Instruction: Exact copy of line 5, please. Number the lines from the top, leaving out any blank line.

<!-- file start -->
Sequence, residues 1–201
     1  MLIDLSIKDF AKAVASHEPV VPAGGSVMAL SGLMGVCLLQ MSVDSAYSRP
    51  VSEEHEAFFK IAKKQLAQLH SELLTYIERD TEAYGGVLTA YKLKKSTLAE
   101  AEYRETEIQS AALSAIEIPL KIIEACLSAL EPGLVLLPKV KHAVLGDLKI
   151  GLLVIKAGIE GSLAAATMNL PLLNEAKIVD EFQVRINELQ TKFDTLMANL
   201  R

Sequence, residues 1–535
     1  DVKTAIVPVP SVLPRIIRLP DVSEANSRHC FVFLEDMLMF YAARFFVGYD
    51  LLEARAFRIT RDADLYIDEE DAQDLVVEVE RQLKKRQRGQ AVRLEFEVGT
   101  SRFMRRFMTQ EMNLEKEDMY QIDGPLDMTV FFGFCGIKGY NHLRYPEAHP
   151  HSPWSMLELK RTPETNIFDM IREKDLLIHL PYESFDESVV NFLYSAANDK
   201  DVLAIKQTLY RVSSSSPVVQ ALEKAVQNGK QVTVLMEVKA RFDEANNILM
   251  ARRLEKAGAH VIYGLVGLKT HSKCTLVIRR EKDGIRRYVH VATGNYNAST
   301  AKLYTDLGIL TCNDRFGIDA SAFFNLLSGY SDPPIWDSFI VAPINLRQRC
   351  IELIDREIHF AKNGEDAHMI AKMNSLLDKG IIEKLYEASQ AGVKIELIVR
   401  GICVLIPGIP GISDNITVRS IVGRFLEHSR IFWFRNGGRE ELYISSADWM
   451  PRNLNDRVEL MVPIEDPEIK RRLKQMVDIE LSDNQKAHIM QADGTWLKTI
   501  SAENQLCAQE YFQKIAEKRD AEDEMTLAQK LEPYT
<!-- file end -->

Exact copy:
   151  GLLVIKAGIE GSLAAATMNL PLLNEAKIVD EFQVRINELQ TKFDTLMANL